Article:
1st day on the Thames.
Snuck on last night and overnighted at the moorings at Kings Lock.
The rain started just after I left Decathlon last night. By the time I cycled back to the boat, I was soaked, so another night drying my clothes out on the fire.
So what…. The boat felt really snug in the rain.
Had a shower with all the hot water, and went to bed.
Woke up around 5.
EA River Cruising Licence
Got things rolling about 9. By about half past, I was looking at setting off.
Just as I popped out to set the locks, the lock keeper arrived,
When you move from the canals onto the rivers in the UK, you move within a different jurisdiction. All powered vessels have to register with the EA (environment agency).
This isn’t a long process. I did it with my lock-keeper this morning. Took about 10 mins.
You just need to give some details of the
- Length of vessel
- Home address
- Phone number
- Number of nights staying on the Thames
For this and the fee, they issue you with a little sticker which you can put in your window. It’s got the expiry date and the number of nights you’re valid on the Thames for.
If you don’t get this, it’s likely you’ll make it to the next manned lock before you’ll have to get one.
Like the buoyancy aid, it’s one of the requirements of navigating on the Thames.
They also issue you with a paper licence, like the one below.
On ‘yer way
All set. Ready for the 1st day of river navigation. Conditions remained fine.
Stopped for some lunch just the other side of Oxford.
Then later in the day at Abingdon, for a cup of tea.
Otherwise that was it pretty much. All day cruising.
All locks on the Thames, Osney and below, are mechanically operated.
Maybe 3 of them were without lock keepers, and I had to operate them myself.
It’s not a difficult process, and often, the machinery won’t let you make mistakes, like leave the paddles up, open the gates too soon due to it’s automated nature.
Takes the fun out of it doesn’t it?
I managed to lynch a a passer by in Oxford to close the locks for me so I didn’t have disembark the boat to close them, as it’s a long walk back along a number of jetties.
I asked him if he’d ever operated the locks before and how many times he’d walked past them.
He said he’d not used them before, and he walked past them daily! (opportunity) I asked if he’d like to help me and explained that I’d have to stop, get off the boat and walk all the way back up to close the gates and he said it wouldn’t be a problem.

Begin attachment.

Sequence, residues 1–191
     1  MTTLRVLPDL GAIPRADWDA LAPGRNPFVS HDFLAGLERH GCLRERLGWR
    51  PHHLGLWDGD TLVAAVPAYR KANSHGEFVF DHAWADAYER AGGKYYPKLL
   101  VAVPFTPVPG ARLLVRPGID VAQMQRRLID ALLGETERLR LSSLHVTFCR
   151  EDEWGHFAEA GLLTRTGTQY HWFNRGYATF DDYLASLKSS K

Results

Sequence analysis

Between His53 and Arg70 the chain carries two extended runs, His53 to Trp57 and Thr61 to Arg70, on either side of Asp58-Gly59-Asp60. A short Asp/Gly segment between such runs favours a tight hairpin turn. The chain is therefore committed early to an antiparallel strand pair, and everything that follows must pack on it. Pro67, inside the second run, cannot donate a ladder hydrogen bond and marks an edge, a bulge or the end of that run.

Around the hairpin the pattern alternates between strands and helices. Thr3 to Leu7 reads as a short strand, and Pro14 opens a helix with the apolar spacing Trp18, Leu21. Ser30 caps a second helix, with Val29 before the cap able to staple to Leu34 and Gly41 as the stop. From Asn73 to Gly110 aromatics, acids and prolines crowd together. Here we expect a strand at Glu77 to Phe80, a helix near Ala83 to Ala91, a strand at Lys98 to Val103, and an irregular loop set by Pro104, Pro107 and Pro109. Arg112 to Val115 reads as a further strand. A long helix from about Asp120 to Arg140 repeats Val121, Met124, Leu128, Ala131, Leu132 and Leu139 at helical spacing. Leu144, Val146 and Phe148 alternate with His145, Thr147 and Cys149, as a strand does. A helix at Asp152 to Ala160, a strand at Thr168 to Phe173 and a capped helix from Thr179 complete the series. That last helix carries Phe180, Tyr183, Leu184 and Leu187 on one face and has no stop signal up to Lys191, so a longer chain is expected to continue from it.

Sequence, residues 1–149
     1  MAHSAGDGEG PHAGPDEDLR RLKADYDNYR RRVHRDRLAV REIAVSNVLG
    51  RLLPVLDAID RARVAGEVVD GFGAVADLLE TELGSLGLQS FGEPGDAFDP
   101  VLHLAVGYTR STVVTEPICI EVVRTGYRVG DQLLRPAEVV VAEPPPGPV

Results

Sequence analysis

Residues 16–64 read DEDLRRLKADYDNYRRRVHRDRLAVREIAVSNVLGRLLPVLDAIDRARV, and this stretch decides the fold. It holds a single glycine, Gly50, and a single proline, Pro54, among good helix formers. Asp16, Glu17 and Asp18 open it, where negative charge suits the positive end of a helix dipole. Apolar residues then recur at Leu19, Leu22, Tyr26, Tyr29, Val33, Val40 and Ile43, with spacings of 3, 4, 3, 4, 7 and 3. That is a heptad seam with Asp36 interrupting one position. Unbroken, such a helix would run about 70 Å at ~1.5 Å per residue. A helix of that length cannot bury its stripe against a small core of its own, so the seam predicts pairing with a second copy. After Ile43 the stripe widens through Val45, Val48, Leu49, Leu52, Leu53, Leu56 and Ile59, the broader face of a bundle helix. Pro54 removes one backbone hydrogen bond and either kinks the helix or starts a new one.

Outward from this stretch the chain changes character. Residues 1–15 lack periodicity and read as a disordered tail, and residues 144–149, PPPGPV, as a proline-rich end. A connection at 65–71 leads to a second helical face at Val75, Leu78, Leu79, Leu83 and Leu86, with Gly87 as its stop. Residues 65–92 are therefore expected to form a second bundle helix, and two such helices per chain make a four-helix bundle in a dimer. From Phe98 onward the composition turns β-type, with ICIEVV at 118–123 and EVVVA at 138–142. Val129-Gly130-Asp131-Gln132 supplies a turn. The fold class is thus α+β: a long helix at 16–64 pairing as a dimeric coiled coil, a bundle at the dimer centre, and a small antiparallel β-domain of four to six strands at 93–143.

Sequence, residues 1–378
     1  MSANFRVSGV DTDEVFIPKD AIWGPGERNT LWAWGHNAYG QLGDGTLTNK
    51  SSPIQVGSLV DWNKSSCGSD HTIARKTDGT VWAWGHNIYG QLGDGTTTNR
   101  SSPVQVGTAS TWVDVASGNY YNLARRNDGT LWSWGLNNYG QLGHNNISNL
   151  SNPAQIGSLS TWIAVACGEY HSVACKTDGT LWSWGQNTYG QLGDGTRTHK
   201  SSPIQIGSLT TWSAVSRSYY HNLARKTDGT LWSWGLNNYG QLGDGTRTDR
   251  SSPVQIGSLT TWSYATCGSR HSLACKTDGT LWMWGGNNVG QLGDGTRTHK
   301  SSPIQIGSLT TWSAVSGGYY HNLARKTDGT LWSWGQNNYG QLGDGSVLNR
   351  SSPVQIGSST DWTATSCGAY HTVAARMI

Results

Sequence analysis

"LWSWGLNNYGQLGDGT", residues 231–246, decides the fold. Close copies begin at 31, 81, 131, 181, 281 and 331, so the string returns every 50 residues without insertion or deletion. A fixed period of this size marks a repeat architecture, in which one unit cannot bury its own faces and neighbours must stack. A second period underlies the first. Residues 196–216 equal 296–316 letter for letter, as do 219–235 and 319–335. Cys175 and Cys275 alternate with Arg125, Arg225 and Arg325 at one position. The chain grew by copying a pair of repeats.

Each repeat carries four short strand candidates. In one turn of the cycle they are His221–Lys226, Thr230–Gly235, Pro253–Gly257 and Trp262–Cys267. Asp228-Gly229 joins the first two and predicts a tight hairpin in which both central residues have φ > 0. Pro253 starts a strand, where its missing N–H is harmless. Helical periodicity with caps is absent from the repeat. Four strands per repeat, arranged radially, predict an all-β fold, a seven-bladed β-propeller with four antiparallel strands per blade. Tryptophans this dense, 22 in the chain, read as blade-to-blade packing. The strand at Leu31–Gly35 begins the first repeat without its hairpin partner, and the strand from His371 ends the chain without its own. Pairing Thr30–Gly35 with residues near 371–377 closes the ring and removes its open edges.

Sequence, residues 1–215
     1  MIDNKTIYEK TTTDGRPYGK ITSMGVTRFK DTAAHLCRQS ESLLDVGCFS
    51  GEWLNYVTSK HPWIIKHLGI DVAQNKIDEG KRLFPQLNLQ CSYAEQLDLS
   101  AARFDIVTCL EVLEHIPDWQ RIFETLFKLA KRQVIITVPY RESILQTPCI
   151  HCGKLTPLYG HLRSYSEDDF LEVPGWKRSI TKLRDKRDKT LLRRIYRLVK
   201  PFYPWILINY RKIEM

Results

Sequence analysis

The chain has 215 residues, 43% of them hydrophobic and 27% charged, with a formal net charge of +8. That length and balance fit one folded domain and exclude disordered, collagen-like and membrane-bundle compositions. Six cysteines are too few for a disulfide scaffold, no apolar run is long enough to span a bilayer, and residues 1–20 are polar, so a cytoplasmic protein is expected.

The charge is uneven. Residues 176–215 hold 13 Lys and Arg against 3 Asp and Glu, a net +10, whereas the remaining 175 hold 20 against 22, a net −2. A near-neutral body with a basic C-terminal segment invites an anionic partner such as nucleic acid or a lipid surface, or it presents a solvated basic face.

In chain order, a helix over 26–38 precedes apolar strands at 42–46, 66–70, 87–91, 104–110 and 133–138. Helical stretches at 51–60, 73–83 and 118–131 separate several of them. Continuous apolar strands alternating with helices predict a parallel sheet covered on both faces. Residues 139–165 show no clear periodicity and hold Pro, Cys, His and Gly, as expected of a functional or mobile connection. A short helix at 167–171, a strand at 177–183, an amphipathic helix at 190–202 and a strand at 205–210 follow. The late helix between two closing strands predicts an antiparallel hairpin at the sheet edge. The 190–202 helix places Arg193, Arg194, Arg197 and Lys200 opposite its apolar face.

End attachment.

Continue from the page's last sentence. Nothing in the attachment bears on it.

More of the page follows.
I invited him over the fence with the ‘prohibited, no un-authorised access’, over to the machine console, and explained the controls which consists of four or five buttons which have to be pressed in sequence.
When we were ready to exit the lock, the electricity went off and the blue ‘power available’ light on the above diagram went off…….
When that happens you have to use a giant steering wheel with a nob on it to crank the gates open.
There’s a lever below to switch between opening the sluice and opening and closing the gates.
I then used this big wheel and assigned the lever to ‘gates’ and cranked it a few times with the nob. Hey presto the gates opened! It was quite heavy, and I could feel my lower back and legs complaining.
Once the gates were open, I was free to jump on and left my volunteer, Michael to close them up. Shook his hand and was on my way…
Alice in Wonderland
Was envisaged here by Lewis Carol whilst taking his nieces Alice, Edith and Lorina Liddell on a boating trip on the stretch of Thames I sailed down today.
I’ve marked the spot where he hired the boat and some of the places he visited, and some other spots of interest on my map below along with some photos.
Tomorrow, I’m going to start having to get a shift on.
Today it read 85 miles to Teddington locks at Abingdon (which you can see on the map).
I did 20 miles today and it’s Wednesday.
Not only do I need to get to Teddington, I need to catch the tide, get to Brentford and navigate up the Grand Union.
Tomorrow, I’ll get set early, and see exactly how far a FULL day will take me.
Some pictures from today.